Although the return has been marked as delivered, the Returns Center has to complete the return processing before the refund is initiated.

As soon as your return is processed, we request a refund to your payment method and send you an email confirmation. Once we issue your refund, it takes additional time for your financial institution to make funds available in your account. 

If you don’t hear from our Returns Center by March 22nd 2023, please write back so we can find out what happened.

Thank you for your understanding.

The longer Wilkins waited, the less believable that explanation was. And she was in for a long wait.

An undelivered box outside a grocery store. Is this the Amazon return package?

Where’s the package, Whole Foods?

Wilkins wanted answers, so she reached out to Whole Foods. But the company only offered a boilerplate answer.

Here at Whole Foods we only process shipping for Amazon. The customer brings the item that is being returned with its return code. We scan the code, take the item, and scan it into the shipping container. 

We don’t keep any record of the items returned. The boxes are shipped out daily. Amazon Customers do not get a return receipt in person. They should get an email once the item is processed, usually within the hour.

If the item does not get processed or an error occurs, we encourage customers to contact Amazon Customer Service as we can NOT give any types of credit or refunds to your Amazon account.

Rigo Vargas

Whole Foods Market

Supervisor

So Whole Foods first told her it had her coffeemaker but then said it didn’t. Now what?

Jeff Bezos answering the phone. He may be able to help find the Amazon return package.

Can I appeal this to someone higher up at Amazon?

Wilkins appealed her Amazon return package case directly using Facebook and received a flat rejection:

My name is Brooke and I’m a Resolution Specialist with Amazon’s Social Media team.

I’m so sorry, but we can’t offer any additional insight or action on this matter. We appreciate your business and hope to see you again soon.

Wow, thanks for nothing. Did Brooke just cut and paste that response to Wilkins? Wait, don’t answer.

So Wilkins sent an email to the CEO through our Amazon executive customer contacts. Amazon rates a 4 out of 5 on our customer responsiveness score, one of only a handful of companies to rank that highly. 

But alas, here was the response:

My name is Yolanda with Amazon’s Executive Customer Relations team. The CEO received your email, and I’m responding on their behalf.

I’m sorry that your return hasn’t been processed, but the information you’ve been provided by Customer Service so far is correct.

Once the carrier has received your return package, it takes a while to arrive at our Returns Center. In most situations, returns are processed by Amazon in 14 days. In some situations, it may take up to 60 days to be processed. This additional time allows our Returns Center to find and process the item.

Since it has been more than 60 days at this point, we recommend that you reach out to the carrier that you used to return the item to Amazon. We are not able to process a refund for a return that has not been processed at the returns center.

Thank you for your understanding.

Regards,

Yolanda

Executive Customer Relations

“So I am pretty much at a loss at what to do here,” says Wilkins. “This is such a mess – I really hope you can help!”

This is a lot more complicated than it looks. Wilkins returned the Keurig. Amazon could see it was scanned in at Whole Foods in January. Amazon acknowledged in a phone call that the item was in the system.

But Wilkins never got a written receipt, so she has no way to prove it.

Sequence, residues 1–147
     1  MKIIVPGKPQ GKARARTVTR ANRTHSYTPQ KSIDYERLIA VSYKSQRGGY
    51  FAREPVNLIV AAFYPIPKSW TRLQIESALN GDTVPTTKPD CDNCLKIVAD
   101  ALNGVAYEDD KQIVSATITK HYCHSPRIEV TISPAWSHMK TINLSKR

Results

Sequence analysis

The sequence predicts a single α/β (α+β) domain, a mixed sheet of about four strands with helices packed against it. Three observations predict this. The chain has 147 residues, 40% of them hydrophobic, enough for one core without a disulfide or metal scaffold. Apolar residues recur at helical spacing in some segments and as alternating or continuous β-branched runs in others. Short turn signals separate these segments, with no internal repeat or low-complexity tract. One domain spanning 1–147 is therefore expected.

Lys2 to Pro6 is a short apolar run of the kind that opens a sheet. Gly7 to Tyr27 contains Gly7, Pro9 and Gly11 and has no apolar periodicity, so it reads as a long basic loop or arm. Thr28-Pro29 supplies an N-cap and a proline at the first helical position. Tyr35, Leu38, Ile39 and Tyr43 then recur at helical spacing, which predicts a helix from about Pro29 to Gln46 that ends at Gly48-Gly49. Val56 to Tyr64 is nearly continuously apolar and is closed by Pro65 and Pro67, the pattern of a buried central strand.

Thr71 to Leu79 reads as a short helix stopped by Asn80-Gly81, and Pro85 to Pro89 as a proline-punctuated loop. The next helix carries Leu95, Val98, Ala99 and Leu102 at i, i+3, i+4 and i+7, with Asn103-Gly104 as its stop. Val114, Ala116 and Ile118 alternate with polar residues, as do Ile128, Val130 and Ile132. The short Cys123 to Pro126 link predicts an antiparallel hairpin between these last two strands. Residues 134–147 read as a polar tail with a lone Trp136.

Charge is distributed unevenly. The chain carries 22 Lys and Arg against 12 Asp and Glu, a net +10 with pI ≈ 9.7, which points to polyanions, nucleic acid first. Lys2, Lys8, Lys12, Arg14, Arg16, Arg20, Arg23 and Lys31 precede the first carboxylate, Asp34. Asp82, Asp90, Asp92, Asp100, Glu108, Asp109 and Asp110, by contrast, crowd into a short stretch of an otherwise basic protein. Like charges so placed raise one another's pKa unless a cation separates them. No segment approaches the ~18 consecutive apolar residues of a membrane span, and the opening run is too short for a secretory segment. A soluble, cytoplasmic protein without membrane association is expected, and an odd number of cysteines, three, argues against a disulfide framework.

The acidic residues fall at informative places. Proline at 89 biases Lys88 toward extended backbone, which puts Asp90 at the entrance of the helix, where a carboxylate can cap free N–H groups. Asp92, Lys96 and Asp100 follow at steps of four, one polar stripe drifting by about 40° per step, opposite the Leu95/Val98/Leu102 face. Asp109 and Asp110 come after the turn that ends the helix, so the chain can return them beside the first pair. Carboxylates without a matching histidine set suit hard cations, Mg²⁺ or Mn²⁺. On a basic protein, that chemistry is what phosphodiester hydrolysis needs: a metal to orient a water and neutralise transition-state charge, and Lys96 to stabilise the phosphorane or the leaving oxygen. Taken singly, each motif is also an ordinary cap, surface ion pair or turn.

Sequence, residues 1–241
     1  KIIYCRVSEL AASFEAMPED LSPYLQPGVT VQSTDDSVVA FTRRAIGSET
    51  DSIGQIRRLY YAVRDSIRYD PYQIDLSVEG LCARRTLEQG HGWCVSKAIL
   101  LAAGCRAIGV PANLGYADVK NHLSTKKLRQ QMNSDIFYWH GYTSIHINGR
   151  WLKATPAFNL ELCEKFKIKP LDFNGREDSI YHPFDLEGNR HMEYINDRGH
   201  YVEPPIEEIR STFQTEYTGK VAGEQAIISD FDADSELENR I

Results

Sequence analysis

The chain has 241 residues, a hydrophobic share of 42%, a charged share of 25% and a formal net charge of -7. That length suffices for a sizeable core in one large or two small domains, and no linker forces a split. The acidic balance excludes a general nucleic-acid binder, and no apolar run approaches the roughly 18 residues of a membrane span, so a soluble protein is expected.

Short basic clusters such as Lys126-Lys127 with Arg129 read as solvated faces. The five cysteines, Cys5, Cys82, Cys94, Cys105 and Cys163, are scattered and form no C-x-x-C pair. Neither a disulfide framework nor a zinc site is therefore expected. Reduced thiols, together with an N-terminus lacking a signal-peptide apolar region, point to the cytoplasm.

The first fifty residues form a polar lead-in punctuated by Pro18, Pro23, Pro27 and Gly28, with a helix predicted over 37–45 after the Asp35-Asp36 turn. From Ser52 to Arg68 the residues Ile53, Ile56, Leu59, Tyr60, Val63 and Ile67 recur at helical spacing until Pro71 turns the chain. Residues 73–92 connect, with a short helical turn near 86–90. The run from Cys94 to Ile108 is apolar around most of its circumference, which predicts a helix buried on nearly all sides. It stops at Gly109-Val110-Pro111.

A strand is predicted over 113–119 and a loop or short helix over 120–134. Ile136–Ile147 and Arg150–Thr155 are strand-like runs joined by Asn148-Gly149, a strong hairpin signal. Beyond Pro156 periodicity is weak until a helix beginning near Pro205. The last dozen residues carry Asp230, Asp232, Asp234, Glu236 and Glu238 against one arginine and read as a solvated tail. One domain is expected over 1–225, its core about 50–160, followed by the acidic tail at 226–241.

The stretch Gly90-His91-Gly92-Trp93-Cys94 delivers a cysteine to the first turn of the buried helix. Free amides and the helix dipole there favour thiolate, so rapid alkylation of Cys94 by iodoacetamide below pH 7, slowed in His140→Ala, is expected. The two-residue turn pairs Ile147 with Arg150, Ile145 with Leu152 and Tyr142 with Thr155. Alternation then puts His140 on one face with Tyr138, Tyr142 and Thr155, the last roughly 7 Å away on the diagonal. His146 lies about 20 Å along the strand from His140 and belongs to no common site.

Making matters worse, Amazon’s only suggested resolution is to contact her mail carrier, even though she returned the package to Whole Foods in person. 

She’s right. What a mess!

How do you avoid a problem with a missing Amazon product return

Looking at this case, there were ways Wilkins could have avoided the confusion.

  • Always mail your product back to Amazon. Obviously, there are still some issues between Whole Foods and Amazon. So, while you can return a product to Whole Foods, maybe you’re better off not doing it — at least for now.
  • Take a picture of your return. Whether or not you decide to leave your package at Whole Foods, always take a picture of the box and its contents. It appears Wilkins did not have any photographic evidence of her return.
  • Get a receipt and a tracking number. That way, if something goes wrong, you can track the missing package and file a claim. Without the paperwork, it’s going to be difficult to get anywhere.

None of this should be necessary. But Amazon seems to be holding its customers responsible for its company IT systems (specifically, that Whole Foods and Amazon couldn’t communicate). It’s shunting the responsibility for the package delivery to the carrier or the customer, even when it has already acknowledged receipt of the package.

Bottom line: Document everything as if you were a forensic accountant. The more documentation, the better.

Can she get her money back from Amazon?

Wilkins’ case is a rare customer service fail by Amazon. Clearly, Whole Foods and Amazon suffered a communication breakdown. When Wilkins appealed through regular channels and social media, and finally alerted the CEO, Amazon should have fixed the problem promptly. Instead, it told her to check with her mail carrier. 

Come on. (Read here about Amazon losing a pixel phone and refusing a refund.)

I contacted Amazon on her behalf and asked if it could explain what had gone wrong. A member of Amazon’s executive team phoned Wilkins and offered to send her a “goodwill” refund of $63, which she eventually received. But no explanation. 

“Thank you for your help,” Wilkins told me. “They’ve got a serious system issue with returns, and you were the only reason they helped me.”

Do you trust Amazon with your product return?

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Christopher Elliott

Christopher Elliott is the founder of Elliott Advocacy, a 501(c)(3) nonprofit organization that empowers consumers to solve their problems and helps those who can't. He's the author of numerous books on consumer advocacy and writes three nationally syndicated columns. He also publishes the Elliott Report, a news site for consumers, and Elliott Confidential, a critically acclaimed newsletter about customer service. If you have a consumer problem you can't solve, contact him directly through his advocacy website. You can also follow him on X, Facebook, and LinkedIn, or sign up for his daily newsletter.